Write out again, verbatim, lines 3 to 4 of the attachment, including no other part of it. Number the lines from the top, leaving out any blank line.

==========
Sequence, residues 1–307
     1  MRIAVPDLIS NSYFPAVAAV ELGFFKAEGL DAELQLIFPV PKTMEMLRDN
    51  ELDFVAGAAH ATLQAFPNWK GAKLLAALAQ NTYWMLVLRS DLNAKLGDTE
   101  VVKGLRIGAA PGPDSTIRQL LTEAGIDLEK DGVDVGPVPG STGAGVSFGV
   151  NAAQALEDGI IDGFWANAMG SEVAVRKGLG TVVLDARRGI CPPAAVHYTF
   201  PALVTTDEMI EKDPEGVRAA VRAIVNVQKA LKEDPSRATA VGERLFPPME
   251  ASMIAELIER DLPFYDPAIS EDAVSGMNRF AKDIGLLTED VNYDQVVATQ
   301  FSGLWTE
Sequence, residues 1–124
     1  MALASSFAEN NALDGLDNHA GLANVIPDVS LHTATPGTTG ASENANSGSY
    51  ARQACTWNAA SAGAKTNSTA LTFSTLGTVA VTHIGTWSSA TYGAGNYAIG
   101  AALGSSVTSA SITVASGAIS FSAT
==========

    51  ELDFVAGAAH ATLQAFPNWK GAKLLAALAQ NTYWMLVLRS DLNAKLGDTE
   101  VVKGLRIGAA PGPDSTIRQL LTEAGIDLEK DGVDVGPVPG STGAGVSFGV